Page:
Mary Thorn a Thorn In the Flesh to Suffer
Mary Thorn’s decision to leave the Baptist Church she and her family were part of did not occur without opposition. According to Mary: “I lived with my dear parents; my dear mother I loved as my life, and strove to get them all to preaching. The Lord blessed his word. One brother and one sister were convinced of sin, and cried out for mercy. This alarmed my mother. She cried out, in the bitterness of her soul: ‘These birds of passage have bereaved me of my children; they will all soon be in bedlam.’ My mother used her authority, and positively forbid us having any connection with them. (Methodists). This was a sore trial to us, but we schemed it so as to deceive her for a little while; but she soon found us out, which made the matter worse than before. She said: ‘Is this their religion, to teach their children to be disobedient to their parents? I now say you shall either forsake them or me, for I will leave the country.’ “
Once again, Mary Thorn went to the Lord. In prayer the prompting of the Holy Ghost was clear, “he that loveth father or mother more than me is not worthy of me.” Applying this Biblical truth to her heart, Mary was resolved to return to the Methodist Church. As per Mary: “I gave my final answer to my dear mother, and they took their passage from Philadelphia to Newbern, North Carolina, and left me alone, and I have never seen one of them since.”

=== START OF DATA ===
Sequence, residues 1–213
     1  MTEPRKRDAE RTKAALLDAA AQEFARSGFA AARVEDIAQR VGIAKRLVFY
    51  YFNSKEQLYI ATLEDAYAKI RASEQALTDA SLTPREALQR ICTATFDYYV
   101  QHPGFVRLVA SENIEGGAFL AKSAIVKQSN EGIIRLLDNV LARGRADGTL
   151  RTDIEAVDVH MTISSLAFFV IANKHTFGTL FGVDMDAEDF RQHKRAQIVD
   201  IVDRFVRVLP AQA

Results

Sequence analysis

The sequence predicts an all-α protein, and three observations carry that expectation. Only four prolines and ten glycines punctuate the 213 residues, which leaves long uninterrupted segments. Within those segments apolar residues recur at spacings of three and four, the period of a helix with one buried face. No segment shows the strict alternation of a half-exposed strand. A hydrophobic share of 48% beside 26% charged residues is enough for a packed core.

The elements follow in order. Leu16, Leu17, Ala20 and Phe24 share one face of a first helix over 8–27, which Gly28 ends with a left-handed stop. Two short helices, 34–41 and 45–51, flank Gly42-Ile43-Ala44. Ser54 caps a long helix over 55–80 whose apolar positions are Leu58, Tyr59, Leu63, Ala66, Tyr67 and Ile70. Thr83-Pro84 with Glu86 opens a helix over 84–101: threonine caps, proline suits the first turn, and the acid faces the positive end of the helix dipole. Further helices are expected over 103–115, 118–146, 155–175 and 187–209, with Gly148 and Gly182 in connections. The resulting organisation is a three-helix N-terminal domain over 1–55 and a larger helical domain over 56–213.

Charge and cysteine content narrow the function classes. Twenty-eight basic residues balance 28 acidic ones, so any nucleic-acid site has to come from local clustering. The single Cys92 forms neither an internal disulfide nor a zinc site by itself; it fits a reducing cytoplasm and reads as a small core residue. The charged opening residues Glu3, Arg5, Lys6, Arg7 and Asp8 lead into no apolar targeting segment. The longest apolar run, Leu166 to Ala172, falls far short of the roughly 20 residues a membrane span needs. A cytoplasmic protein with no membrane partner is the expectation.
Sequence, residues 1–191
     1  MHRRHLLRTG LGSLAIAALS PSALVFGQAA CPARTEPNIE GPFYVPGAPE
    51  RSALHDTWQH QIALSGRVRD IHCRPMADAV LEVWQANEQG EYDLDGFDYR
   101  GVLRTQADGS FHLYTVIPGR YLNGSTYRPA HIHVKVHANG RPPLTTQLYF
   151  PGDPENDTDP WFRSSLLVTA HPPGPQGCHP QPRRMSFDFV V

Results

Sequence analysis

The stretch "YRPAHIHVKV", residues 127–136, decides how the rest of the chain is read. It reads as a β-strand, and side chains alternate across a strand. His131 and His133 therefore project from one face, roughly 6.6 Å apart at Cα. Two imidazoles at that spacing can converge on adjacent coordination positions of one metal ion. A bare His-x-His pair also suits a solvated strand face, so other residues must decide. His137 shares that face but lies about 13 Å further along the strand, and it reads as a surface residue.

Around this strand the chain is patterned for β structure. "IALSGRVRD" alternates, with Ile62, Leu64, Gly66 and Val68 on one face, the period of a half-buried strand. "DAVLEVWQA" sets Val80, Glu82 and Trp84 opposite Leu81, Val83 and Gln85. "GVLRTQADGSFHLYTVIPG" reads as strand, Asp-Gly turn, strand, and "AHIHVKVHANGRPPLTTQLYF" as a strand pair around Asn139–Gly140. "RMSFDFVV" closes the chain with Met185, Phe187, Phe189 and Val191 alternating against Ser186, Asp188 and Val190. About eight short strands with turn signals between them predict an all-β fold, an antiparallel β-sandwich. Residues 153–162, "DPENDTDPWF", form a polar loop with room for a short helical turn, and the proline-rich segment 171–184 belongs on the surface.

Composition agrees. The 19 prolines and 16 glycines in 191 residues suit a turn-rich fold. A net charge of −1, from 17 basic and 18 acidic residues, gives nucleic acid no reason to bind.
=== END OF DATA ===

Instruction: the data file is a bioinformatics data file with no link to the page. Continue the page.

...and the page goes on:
Mary Thorn Class Leader
Despite the awful sacrifice Mary Thorn had to make- losing the fellowship of her parents, Mary according to her own words: “gave myself wholly up to the cause of God.” This bold commitment to God did not go unnoticed. It wasn’t long before Joseph Pilmoor approached Mary Thorn with the offer to become a leader of a Methodist Class.